Flash Focus: Kent State Expert on Doomsday Glacier and Zombie Ice
Antarctica's "doomsday glacier" has been making headlines for its rapid melting, which could lead to large rises in sea levels much earlier than experts originally observed. In addition, "zombie ice" has been reported in Greenland, which unfortunately is not a "Game of Thrones" reference, but more rapidly melting ice sheets that will impact sea levels. To find out more about these headlines related to the climate, we reached out to Cameron Lee, Ph.D., assistant professor in the Department of Geography.
Kent State Today: What is the 'doomsday glacier'?
The "doomsday glacier" is a nickname given to the Thwaites Glacier in Antarctica. It is given that nickname primarily because of the combination of its size (it’s the widest glacier on Earth), its history of going through fairly rapid pulses of retreat/melt, its vulnerability to climate change due to accelerated local warming and the possible impact of all that excess water raising sea levels when it does melt. Estimates are that it has lost about one trillion tons of ice in the last two decades.
Kent State Today: How is that different from "zombie ice"?
Zombie ice is a term given to glacier ice that, while it is still attached to the rest of the glacier, it is no longer really ‘receiving new ice input’ from the rest of the glacier, and instead it is just melting. Because of this, it’s almost like, there is nothing that can be done to save it at this point.
Kent State Today: What would the climate implications be for this much melting ice?
The impacts of melting ice are numerous, but primarily people should be worried about how all that additional meltwater can impact sea levels.
The amount of sea-level rise, of course, depends on how much ice melting we are talking about. While there are thousands of glaciers, the two biggest, consisting of more than 99% of all glacial ice, are the Antarctic and Greenland ice sheets. There was a recent study that came out saying that a best estimate of sea-level rise by 2100 is about 1 to 2 feet from Greenland meltwater alone. But if greenhouse gas emissions follow a future course similar to the high-melt year of 2012, there could be up to 30 inches of sea-level rise from Greenland. This doesn’t even include Antarctica, which by itself could add in another 1.5 to 2 feet. Since a disproportionate amount of the world population lives near the coast, as you can imagine this is potentially devastating: estimates are more than a half billion people could be impacted by coastal flooding in 2100.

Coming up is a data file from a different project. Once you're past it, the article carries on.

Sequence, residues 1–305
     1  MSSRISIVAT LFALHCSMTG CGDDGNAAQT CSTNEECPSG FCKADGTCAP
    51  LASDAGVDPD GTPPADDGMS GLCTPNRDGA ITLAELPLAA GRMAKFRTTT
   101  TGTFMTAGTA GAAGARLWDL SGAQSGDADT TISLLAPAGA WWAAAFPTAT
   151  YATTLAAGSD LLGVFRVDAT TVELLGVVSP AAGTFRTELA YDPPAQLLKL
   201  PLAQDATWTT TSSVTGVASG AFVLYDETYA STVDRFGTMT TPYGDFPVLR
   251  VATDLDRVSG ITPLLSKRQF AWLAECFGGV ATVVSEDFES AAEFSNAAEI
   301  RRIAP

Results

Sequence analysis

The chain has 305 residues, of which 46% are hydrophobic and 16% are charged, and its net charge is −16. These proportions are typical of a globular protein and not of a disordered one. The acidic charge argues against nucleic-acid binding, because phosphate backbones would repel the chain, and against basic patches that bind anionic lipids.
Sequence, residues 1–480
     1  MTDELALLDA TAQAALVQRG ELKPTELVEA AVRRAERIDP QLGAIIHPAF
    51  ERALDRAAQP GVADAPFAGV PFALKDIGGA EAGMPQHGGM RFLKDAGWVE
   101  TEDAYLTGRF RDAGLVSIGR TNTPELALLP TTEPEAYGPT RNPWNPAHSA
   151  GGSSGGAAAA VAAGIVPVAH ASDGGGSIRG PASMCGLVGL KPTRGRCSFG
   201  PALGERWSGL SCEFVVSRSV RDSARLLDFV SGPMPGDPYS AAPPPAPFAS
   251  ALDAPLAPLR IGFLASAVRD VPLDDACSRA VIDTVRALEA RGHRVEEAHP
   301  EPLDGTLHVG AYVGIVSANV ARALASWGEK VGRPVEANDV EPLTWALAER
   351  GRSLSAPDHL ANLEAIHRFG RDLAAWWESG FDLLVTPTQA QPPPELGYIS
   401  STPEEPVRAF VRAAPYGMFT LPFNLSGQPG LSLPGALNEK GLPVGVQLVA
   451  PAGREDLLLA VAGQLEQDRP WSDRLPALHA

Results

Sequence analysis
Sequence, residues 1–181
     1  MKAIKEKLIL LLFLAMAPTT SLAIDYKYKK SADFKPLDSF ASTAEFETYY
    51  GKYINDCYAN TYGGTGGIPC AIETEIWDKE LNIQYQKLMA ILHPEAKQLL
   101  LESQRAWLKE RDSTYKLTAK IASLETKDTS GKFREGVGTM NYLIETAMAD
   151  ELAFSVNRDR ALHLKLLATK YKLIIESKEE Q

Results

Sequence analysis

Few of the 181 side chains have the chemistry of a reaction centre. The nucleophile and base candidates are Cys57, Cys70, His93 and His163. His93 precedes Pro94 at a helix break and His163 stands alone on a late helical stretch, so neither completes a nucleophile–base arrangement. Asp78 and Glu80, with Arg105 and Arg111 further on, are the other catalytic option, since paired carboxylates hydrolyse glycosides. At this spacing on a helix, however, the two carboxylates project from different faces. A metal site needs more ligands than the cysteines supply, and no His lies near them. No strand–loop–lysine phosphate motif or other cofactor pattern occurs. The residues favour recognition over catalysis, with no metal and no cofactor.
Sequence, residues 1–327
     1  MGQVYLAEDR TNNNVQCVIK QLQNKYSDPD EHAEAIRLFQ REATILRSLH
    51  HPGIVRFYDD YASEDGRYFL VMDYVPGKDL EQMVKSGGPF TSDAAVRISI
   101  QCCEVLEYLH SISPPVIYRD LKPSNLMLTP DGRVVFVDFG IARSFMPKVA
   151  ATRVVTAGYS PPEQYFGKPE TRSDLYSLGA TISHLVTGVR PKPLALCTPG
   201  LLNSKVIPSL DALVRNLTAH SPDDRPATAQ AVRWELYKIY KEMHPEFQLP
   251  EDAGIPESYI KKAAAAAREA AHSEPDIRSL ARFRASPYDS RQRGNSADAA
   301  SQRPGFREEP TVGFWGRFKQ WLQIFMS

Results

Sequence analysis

Kent State Today: Can anything be done to slow the melting?
Yes and no. There is some ‘warming in the pipeline’ so to speak, which means there is some warming that will continue to happen over the next few decades that we cannot do anything about, even if we stop putting any CO2 into the atmosphere right now. This is mainly because of the residence time of carbon dioxide in the atmosphere and the lag time between when the CO2 gets emitted into the atmosphere and when the Earth has reacted to it and reached a new energy equilibrium.
But it can also always get worse. The more greenhouse gas emissions (especially CO2 and methane, but others too) we put in the atmosphere, the worse this will get. So, yes, we can slow potential additional melting by slowing down warming of the earth/atmosphere, by reducing our emissions of greenhouse gases. The good news is that we know exactly what we need to do: stop using fossil fuels (coal, oil/gasoline and natural gas) as an energy source. Even better news is that technology has advanced to the point now where this is largely figured out. Sure, there are a few things that can still be improved upon, but by-and-large, we just need to scale it up – massively. But, this will take time, effort and money.